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Hawker's Poor Man's Concordance And Dictionary
This was the original name first used by the Hebrews for the Lord's day. It is indeed an Hebrew word, and signifies repose or rest; and hence Christ, "who is the rest wherewith JEHOVAH causeth the weary to rest, and who is their refreshing." (Isaiah 28:12) is the very Sabbath of the soul. See Christ's invitation under this character. (Matthew 11:28-30) It is worthy remark that Noah, a type of Christ in the ark, is so called, from Nuach, which signifies rest. Some indeed derive his name from Nacham, consolation. But in either sense, or in both, it is blessed to eye Christ in the type. Hence the psalmist saith, (Psalms 116:7) "Return unto thy rest, O my soul, for the Lord hath dwelt bountifully with thee." In the original it is, return to thy Noah. And surely JEHOVAH hath dealt bountifully with the souls of all his. redeemed, when like the dove returning to the ark whom she found no rest out of the ark for the sole of her foot, we return to the Lord Jesus, the only rest for the soul, and our salvation for ever. (Genesis 8:9)
The Sabbath was instituted, from the first dawn of the creation; for when JEHOVAH had called into existence the several works of his almighty hand, which his sovereign will and pleasure gave being to "he is said to have rested from his works which he had made;" and reviewing with complacency what his hands had wrought, beholding their number and order in the several ranks and disposals of his design, he sanctified the day of his rest, and commanded every seventh day to be hallowed for his more immediate worship, adoration love, and praise, by all his intelligent creatures. The Apostle to the Hebrews makes a short but beautiful observation on the spiritual tendency of the Sabbath when with an eye to Jesus he represents the believing soul resting in Christ as the rest for the people of God. "For he (saith the apostle) that is entered into his rest, he also hath ceased from his own works, as God did from his." (Hebrews 4:10)
Since the resurrection of the Lord Jesus Christ from the dead, the name of Sabbath hath been less used, and that of the Lord's day substituted more generally in its place; and the authority for so doing is derived from the apostles. Thus John, when speaking of those revelations made to him by the Lord Jesus in the Isle of Patmos, saith that he was in the Spirit on the Lord's day. (Revelation 1:10) And it is no small confirmation of the Lord's approval of the first day being appointed for the ordinance of the Sabbath, that not only the Lord Jesus arose on that day from the dead, but God the Holy Ghost made his first public descent, agreeably to Christ's promise, on that day. Hence divine honour is given in the observance of the Lord's day on the first day of the week to all the persons of the GODHEAD, for creation, redemption, and sanctification. It hath been said that the Jews at the giving of the law lost the true reckoning of the seventh day. It were devoutly to be desired that believers in the Lord Jesus, in their ordinary conversation, would distinguish the Sabbath by its proper name, and call it what the apostle called it, the Lord's day. Sunday is a name without meaning, unless indeed it he connected with its derivation, and then it becomes still more improper! for if it be supposed, as some have said, that it took its rise during the time of the Saxon Heptarchy, and had reference to the sun, and therefore called Sun-day, it savours of idolatry. We know that the sun hath been in all ages the great idol of the eastern world. (See Deuteronomy 4:19; 2 Kings 23:11; Job 31:26-28; Ezekiel 8:16) It is strange, therefore, that the name should be retained when the Holy Scriptures have never once mentioned such a name, and the apostle's example so sweetly recommends what ought to be so dear when we speak with reverence of the Sabbath, that we call it the Lord's day.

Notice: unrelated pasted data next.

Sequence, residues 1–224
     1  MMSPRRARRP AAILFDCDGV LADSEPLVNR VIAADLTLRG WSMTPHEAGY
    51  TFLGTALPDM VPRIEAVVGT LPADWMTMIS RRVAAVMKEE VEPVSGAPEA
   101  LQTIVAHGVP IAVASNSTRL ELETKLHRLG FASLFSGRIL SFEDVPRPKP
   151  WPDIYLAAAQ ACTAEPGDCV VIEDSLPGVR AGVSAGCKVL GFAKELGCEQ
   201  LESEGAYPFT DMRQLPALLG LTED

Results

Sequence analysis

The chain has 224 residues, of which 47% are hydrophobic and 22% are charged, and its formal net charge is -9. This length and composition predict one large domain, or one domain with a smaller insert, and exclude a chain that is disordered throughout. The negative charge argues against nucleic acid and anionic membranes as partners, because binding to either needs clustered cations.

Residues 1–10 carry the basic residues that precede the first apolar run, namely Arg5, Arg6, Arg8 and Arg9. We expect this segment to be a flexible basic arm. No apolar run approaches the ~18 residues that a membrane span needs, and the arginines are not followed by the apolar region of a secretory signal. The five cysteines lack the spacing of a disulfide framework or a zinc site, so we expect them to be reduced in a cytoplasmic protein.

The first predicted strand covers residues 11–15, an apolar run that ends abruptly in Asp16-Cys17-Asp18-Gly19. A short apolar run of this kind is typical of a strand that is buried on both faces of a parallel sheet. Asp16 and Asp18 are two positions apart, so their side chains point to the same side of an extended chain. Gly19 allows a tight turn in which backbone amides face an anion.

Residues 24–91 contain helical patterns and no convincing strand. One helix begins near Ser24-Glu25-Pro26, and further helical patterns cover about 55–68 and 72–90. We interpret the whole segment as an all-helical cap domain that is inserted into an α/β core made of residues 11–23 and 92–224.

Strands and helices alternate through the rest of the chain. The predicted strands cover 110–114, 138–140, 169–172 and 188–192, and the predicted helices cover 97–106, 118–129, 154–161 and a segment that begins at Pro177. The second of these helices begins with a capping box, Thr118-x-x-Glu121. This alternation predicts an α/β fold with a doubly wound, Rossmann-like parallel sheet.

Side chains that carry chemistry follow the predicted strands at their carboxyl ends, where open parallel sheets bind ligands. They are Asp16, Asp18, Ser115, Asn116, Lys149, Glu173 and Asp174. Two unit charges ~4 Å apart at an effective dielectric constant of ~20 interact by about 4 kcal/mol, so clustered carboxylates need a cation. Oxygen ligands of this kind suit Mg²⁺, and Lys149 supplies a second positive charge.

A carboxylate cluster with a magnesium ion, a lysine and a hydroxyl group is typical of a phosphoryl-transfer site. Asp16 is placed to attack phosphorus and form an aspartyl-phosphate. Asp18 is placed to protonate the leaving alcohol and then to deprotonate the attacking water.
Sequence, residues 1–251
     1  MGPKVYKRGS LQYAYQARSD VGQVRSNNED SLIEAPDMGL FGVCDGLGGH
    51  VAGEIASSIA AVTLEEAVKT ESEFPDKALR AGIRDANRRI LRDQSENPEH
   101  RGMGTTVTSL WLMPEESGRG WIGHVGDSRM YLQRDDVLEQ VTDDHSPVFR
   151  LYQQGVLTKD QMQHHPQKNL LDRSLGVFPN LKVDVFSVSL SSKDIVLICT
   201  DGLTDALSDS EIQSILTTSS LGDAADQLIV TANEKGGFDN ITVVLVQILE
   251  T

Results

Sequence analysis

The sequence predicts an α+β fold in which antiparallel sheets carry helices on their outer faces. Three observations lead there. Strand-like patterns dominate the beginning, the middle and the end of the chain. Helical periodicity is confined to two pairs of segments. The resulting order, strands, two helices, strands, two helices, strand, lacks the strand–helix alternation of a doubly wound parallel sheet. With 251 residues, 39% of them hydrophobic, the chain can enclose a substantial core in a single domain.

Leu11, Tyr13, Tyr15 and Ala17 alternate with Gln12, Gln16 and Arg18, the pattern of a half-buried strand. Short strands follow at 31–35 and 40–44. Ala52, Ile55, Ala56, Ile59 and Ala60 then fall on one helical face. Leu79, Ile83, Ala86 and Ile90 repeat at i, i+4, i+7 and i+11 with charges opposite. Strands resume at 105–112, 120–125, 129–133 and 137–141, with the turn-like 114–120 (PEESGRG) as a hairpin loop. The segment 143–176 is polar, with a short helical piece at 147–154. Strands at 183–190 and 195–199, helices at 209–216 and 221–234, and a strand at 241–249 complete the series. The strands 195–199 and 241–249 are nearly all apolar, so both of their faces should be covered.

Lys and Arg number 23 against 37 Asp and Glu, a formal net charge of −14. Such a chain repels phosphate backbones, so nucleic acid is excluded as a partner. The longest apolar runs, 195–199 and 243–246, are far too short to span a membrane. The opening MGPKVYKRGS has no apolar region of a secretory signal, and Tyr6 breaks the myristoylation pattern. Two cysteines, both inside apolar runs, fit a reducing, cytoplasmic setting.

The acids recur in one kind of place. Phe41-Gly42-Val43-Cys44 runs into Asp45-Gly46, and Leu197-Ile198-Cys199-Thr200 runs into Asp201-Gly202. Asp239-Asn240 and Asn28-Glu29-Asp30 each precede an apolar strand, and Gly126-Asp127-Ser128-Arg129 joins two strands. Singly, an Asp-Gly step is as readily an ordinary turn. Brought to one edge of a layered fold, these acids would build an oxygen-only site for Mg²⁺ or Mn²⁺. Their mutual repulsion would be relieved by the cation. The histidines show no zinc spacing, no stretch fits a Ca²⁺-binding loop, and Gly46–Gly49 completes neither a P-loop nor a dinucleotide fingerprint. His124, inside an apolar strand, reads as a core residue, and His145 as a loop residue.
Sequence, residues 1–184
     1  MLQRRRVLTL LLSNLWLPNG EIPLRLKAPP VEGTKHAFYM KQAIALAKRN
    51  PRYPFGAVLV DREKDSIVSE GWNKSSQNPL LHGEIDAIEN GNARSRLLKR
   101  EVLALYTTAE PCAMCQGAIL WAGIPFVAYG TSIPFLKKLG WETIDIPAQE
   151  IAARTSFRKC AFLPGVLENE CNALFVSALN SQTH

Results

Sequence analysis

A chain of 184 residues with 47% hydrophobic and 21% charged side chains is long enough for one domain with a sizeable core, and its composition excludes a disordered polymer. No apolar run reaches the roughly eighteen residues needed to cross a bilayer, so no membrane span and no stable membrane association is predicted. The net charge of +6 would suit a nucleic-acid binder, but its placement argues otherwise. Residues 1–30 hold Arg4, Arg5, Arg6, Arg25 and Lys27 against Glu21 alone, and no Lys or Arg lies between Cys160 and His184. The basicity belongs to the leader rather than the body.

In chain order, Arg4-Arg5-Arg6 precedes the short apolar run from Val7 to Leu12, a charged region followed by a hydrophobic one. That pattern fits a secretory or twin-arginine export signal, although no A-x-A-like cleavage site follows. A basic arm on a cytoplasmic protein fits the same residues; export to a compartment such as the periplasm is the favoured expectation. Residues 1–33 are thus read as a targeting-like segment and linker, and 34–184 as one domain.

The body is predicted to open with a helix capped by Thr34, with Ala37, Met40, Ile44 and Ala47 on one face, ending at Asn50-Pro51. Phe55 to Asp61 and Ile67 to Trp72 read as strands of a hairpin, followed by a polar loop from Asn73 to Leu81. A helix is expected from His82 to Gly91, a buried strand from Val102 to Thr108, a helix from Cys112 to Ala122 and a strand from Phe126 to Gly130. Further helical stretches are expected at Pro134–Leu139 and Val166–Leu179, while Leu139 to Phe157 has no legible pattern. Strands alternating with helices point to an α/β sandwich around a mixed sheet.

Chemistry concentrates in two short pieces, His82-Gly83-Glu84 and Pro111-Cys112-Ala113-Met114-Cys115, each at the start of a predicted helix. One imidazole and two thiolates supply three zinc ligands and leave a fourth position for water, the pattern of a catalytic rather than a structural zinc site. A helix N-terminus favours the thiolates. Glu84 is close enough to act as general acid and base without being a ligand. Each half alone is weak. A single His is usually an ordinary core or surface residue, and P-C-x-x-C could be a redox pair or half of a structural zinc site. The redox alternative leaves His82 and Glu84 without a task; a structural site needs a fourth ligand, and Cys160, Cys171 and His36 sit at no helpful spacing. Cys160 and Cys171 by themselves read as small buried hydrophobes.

We meet with several expressions connected with the Lord's day in the New Testament, such as "a Sabbath day's journey, the second Sabbath after the first." These are not explained to us in Scripture, and therefore we are left to conjecture concerning their meaning. It is said that among the Jews there was a tradition not to walk more than six Stadia, or seven hundred and fifty paces, on the Sabbath dayâ€”that is, somewhat less than one of our miles. And perhaps in allusion to this it might be that our Lord, speaking of the destruction of Jerusalem, enjoined his disciples to pray that their flight might not be in the winter, neither on the Sabbath day. (Matthew 24:20)
Concerning the second Sabbath after the first, which we read of Luke 6:1; the meaning of it is not so clear as to determine exactly. But it hath been conjectured that the Jews particularly numbered their Sabbaths from the Passover, and that the second Sabbath was intended to mean from the Passover. But others have concluded that the second Sabbath meant the Pentecost, and the first the Passover.
It is astonishing to behold with what veneration the ancient Jews esteemed their Sabbaths. They considered the appointment of it by the Lord so peculiar a mercy, in that it distinguished them from all others nations, that they took the greatest delight in it, calling it their spouse. It is to be feared that in modern times their descendants have lost this reverence, as well as the true knowledge of their own Scriptures. Oh, that the Lord would hasten the time when "the Deliverer shall arise out of Zion, to turn away ungodliness from Jacob?" (Romans 11:26; Hosea 3:4-5)
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Hawker, Robert D.D. Entry for 'Sabbath'. Hawker's Poor Man's Concordance and Dictionary. https://www.studylight.org/dictionaries/eng/pmd/s/sabbath.html. London. 1828.